California’s First District Court of Appeal (“Court of Appeal”) has rejected arguments from business and tax groups challenging the validity of San Francisco’s Proposition C, the Early Care and Education initiative. The Court of Appeal held that citizen initiatives to enact a special tax only require a simple majority vote to pass, even if an elected official is involved in the citizen initiative process. This decision could be a game-changer in how tax measures are processed in the future, causing legislators to convert proposed tax measures into citizen-initiated measures, i.e. allowing politicians in California to use the citizen initiative’s simple majority vote requirement to avoid the more strenuous two-thirds supermajority vote local governments must obtain to increase taxes. San Francisco City Attorney Dennis Herrera described the ruling as “a victory for voters and a victory for democracy.”
Proposition C, a citizen initiative, was approved by City of San Francisco voters on the June 5, 2018 ballot. This commercial rent tax was expected to raise up to $145 million annually for childcare and early education services by taxing business revenues from commercial space rentals by 3.5% and warehouse space rentals by 1% where receipts are over $1 million. Norman Yee, at the time a member of the City’s Board of Supervisors, was the driving force behind citizen initiative Proposition C. He completed the key steps required to put a citizen initiative on the ballot— he both turned in the signed initiative petition pages and signed the ballot arguments in support of Proposition C.
In San Francisco, there are two different ways special taxes are imposed: (1) local governments may present a special tax to the voters, but voters must approve the special tax by a super majority two-thirds vote, or (2) local citizen initiatives may present special taxes to the voters after receiving a threshold number of signatures. Citizen initiatives only require a simple majority vote to pass.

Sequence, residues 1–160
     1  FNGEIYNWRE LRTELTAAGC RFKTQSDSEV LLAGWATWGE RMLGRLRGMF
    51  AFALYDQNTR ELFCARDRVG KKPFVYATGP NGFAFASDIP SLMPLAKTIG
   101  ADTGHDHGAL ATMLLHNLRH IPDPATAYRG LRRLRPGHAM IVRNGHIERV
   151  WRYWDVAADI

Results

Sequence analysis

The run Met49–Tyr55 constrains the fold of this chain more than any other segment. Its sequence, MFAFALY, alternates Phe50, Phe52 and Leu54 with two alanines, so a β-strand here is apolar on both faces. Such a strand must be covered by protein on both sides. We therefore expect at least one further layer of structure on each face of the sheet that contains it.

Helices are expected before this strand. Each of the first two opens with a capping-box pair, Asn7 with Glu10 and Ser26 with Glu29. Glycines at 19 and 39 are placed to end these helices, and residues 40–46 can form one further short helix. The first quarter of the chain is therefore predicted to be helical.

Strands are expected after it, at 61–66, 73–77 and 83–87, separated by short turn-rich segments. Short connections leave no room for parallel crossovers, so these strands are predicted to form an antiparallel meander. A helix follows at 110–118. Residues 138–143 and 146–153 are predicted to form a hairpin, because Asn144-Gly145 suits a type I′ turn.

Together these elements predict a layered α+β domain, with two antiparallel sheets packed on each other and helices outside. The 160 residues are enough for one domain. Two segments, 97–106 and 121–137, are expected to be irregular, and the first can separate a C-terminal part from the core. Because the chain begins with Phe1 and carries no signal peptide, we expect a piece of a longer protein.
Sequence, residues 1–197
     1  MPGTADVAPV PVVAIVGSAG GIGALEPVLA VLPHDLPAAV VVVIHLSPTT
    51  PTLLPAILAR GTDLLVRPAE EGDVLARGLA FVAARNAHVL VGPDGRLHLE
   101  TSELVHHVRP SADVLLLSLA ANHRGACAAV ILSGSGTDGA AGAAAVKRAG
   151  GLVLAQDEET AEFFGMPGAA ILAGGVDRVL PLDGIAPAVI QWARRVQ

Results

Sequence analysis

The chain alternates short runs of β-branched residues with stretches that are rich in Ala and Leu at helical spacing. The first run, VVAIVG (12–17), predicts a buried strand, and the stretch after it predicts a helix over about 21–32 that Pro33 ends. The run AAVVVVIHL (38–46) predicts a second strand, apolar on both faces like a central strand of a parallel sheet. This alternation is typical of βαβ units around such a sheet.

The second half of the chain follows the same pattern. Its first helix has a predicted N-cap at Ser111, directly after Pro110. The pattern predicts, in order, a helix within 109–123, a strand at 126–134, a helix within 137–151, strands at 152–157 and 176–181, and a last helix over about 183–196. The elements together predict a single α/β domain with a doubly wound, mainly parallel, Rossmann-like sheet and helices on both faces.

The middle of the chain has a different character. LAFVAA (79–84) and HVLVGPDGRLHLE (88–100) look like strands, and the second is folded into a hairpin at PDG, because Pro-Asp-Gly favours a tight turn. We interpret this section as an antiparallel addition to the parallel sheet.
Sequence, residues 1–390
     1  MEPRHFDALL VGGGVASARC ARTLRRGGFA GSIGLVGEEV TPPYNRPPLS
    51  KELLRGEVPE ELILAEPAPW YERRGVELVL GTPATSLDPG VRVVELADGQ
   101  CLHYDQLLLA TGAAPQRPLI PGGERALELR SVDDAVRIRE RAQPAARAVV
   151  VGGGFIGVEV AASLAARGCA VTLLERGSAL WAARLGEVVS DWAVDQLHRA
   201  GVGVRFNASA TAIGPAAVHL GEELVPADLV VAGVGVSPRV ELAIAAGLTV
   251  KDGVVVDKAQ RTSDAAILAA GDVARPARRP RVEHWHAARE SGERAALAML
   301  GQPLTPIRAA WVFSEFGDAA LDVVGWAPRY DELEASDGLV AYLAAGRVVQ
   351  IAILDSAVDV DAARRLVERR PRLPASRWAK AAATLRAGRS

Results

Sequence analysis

After Proposition C was approved by a 51% majority of voters, the Howard Jarvis Taxpayers Association quickly joined forces with other business-related groups (“Plaintiffs”) to challenge the initiative, arguing the measure needed a two-thirds supermajority vote to pass because an elected district supervisor put forward the measure. Though the City has collected tax funds from businesses since the passage of the proposition, the money was not spent during the legal challenge. A San Francisco Superior Court judge rejected Plaintiffs’ arguments in July 2019. The decision was affirmed by the Court of Appeal on January 27, 2021. Now, Plaintiffs are planning to appeal the most recent decision to the California Supreme Court as the Court has not previously ruled on this issue.
The Court of Appeal adopted the reasoning of a recent case in another division of the same court, City and County of San Francisco v. All Persons Interested in the Matter of Proposition C (2020) 51 Cal.App.5th 701 (“All Persons”), to reject Plaintiffs’ appeal arguments. First, All Persons noted the initiative power is “one of the most precious rights” of the democratic process, so courts must both guard and liberally construe the exercise of the power. Accordingly, the court held Proposition 13 only requires governmental entities to gain two-thirds supermajority voter approval before imposing a special tax. Next, the court held Proposition 218, which requires a two-thirds supermajority when local government imposes a special tax, did not apply because the electorate is not “local government.” Finally, the court held that the City Charter did not require a two-thirds supermajority to pass a special tax because the Charter only creates substantive limits on the initiative power, not procedural limitations.
Plaintiffs argued their action challenging Proposition C was distinguishable from All Persons because Norman Yee was an elected official serving on the Board of Supervisors. The court rejected this argument, holding that Propositions 13 and 218 did not require a two-thirds vote to pass special taxes where an elected official was involved in the citizen initiative process. Plaintiffs will appeal to the California Supreme Court, noting this decision allows politicians in California to circumvent the two-thirds voter approval requirement for special taxes by turning special tax proposals into citizen initiative petitions.